advertisement

advertisement

No Thanks
Let
Keep In Touch With MarthaStewart.com

Sign up and we'll send inspiration straight to you.

Martha Stewart takes your privacy seriously. To learn more, please read our Privacy Policy.

Expert Advice from Stationer Kara Underwood Gordon

Known For
Customized invitations that capture a couple's distinctive spirit

Where to Find Her
Magnificent Milestones in Chicago, where she's the owner (magnificentmilestones.com)

When should couples hire a stationer?
Eight months to a year in advance, depending on when you need to send save-the-dates (six months is the norm) and how elaborate you want your invites to be. This will give you the chance to perfect the design, which can take up to six weeks and often involves reviewing two or three PDFs. It also allows two weeks for your envelopes to be calligraphed, if you choose, and finally, enough time to get your invites in the mail six to eight weeks before.

Beyond the main suite, what other kinds of paper goods should people consider?
All those little day-of details, including menus, coasters, napkins, signage, and favors. We just did a really cute ceremony program that fanned out like an accordion.

Any advice for those who have no clue what direction they want to take?
Start by looking through samples -- either on your own or with a stationer. I always tell couples to pick out any detail that catches their eye, be it rounded corners or a font style, because some people can't verbalize what they like but know it when they see it. Then, build from there. Brainstorming the stationery design can even lead you to your theme or palette if you don't have one yet.

Are there any unexpected costs couples should keep in mind?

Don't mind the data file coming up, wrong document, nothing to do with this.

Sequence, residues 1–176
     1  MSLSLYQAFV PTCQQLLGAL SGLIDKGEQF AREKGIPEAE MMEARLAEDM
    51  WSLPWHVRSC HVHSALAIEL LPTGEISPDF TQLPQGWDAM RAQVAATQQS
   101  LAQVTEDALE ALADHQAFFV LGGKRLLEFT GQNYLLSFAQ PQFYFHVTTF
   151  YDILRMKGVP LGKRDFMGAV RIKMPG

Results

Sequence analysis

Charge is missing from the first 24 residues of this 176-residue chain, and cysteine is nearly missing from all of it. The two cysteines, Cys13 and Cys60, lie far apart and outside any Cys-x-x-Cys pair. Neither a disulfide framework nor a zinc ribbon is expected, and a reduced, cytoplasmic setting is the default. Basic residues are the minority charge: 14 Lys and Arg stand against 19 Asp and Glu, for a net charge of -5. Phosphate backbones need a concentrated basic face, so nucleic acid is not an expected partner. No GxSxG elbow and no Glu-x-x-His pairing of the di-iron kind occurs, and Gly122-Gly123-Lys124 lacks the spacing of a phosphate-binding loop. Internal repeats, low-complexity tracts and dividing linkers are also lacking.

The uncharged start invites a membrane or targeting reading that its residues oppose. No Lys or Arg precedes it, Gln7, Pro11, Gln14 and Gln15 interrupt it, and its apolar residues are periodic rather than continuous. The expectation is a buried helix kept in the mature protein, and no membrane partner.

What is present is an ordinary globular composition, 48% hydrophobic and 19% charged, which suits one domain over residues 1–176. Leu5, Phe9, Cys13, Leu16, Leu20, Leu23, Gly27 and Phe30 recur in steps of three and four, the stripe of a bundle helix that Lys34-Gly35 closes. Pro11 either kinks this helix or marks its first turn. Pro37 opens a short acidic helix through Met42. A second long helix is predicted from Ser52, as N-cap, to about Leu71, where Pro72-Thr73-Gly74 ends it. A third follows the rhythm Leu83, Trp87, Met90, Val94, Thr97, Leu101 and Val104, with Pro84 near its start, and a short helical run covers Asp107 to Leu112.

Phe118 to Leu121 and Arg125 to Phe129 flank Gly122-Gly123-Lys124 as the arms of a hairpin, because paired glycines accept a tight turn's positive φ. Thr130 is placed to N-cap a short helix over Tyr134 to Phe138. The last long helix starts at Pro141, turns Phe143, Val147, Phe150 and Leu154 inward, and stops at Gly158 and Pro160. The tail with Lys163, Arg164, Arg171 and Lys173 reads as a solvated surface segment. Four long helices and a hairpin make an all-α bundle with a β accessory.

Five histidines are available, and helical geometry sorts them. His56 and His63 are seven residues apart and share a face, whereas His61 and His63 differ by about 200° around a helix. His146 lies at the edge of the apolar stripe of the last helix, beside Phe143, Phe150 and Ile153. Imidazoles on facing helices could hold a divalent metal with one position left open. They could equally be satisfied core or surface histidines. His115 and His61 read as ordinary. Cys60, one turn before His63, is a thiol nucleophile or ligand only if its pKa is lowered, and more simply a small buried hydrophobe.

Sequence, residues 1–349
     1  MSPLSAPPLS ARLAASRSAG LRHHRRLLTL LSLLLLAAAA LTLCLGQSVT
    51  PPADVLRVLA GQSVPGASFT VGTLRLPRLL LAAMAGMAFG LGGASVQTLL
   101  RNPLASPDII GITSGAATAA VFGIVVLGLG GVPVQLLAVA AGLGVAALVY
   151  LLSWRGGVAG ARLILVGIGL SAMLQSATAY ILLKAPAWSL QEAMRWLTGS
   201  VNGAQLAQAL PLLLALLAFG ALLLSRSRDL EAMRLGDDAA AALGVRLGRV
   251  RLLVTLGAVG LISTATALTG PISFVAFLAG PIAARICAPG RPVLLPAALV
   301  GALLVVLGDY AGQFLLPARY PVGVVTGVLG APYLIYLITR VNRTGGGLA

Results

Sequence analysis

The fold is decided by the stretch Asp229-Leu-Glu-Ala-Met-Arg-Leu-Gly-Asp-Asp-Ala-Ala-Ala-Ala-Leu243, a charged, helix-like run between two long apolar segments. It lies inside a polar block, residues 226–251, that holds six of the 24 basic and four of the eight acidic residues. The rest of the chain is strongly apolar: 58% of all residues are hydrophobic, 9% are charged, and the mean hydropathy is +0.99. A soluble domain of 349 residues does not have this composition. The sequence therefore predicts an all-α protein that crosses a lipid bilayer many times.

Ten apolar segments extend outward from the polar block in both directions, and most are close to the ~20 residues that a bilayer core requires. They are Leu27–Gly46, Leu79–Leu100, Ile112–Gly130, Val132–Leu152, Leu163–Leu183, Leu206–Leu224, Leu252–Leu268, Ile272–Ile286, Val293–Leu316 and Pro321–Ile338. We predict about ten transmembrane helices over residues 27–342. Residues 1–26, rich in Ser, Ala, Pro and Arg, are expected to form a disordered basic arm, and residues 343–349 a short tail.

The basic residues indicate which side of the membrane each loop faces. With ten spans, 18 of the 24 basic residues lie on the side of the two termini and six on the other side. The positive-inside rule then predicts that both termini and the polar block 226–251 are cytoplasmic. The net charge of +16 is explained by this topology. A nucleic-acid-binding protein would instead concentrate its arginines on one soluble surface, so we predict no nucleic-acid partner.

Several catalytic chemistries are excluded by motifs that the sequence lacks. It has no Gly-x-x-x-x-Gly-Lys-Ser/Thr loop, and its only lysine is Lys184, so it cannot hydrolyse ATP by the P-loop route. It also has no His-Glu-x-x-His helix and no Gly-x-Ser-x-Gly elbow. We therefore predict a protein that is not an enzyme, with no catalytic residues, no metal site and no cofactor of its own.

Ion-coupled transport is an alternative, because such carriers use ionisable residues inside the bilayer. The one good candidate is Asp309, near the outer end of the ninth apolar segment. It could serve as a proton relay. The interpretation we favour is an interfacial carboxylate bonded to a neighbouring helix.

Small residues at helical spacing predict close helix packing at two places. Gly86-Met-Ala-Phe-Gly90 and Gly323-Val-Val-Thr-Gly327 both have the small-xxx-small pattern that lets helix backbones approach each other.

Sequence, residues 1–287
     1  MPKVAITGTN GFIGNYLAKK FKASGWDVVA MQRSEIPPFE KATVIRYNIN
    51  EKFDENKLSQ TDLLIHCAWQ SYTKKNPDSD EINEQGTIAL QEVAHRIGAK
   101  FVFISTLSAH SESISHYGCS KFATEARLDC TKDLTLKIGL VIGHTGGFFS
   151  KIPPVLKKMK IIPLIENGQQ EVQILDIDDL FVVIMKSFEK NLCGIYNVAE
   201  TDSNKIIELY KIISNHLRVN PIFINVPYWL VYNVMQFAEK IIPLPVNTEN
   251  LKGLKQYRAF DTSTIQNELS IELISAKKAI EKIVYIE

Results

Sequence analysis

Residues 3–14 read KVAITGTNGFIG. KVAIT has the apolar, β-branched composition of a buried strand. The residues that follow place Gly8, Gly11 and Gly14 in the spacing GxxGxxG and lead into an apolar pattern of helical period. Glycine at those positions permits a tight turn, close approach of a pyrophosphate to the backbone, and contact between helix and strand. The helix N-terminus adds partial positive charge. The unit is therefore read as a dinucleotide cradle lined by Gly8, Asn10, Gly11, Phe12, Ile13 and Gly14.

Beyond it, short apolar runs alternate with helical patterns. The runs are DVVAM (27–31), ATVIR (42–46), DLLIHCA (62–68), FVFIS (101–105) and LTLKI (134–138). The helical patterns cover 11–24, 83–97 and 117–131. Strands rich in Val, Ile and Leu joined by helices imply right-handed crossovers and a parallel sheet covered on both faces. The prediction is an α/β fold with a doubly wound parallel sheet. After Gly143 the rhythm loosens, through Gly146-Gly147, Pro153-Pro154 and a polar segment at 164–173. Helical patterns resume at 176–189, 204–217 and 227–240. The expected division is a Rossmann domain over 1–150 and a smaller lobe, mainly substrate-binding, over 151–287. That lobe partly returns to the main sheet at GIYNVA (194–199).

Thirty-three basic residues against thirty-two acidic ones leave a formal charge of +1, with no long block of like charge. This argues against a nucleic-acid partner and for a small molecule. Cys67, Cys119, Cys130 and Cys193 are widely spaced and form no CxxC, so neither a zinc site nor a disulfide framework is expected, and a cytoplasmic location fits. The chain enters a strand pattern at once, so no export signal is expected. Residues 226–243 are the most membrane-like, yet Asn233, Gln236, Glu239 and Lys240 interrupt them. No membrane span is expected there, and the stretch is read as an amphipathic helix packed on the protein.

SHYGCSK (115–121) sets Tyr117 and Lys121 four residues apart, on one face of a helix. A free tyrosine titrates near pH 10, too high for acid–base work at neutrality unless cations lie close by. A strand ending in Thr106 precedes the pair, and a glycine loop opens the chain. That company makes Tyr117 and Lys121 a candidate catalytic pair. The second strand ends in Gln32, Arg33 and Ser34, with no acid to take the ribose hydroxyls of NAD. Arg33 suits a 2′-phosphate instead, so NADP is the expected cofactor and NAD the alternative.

You'll either need to hire a calligrapher to address each envelope or pay your stationer to have them printed (it isn't included in the price). Also, postage can be fairly significant. Rarely is a 44-cent stamp enough.

Where do you suggest splurging?
I'd spend more on the printing technique. Letterpress, where the ink is pressed down into the paper, is huge right now -- it's contemporary and fun. Engraving lifts the ink up and looks more formal. With either, you pay extra but get a keepsake.

What trends are you noticing?
People love the look of maps. We often use vintage ones as envelope liners. And for destination weddings, I've hired calligraphers to draw ones with little icons, like Champagne flutes to represent the reception site.

Thoughts on electronic invites?
Naturally, I prefer printed pieces, but if you're in a time crunch -- maybe your engagement is only six months long -- and you don't really have the flexibility to wait until the save-the-dates are designed, proofed, and printed, then have your stationer create a version that you can send in an email, and mail a paper invitation later.

Anything you wish you'd see more of?
Yes: "Will you be my bridesmaid?" invitations! You can have so much fun with them, and your friends will adore receiving them in the mail.

Top Tip
"Your suite doesn't have to match perfectly -- in fact, it's more fun to mix things up. As long as the theme, colors, and fonts are consistent, you'll end up with a cohesive look."

Tags